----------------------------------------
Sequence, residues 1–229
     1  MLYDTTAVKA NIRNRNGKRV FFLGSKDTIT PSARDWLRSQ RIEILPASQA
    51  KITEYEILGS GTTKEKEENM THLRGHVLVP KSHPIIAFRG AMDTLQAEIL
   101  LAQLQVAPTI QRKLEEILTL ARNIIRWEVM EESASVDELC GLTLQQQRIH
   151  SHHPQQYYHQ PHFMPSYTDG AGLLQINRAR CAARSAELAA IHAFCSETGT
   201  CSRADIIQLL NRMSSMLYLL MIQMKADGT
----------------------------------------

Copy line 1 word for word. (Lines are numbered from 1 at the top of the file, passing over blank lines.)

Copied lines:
Sequence, residues 1–229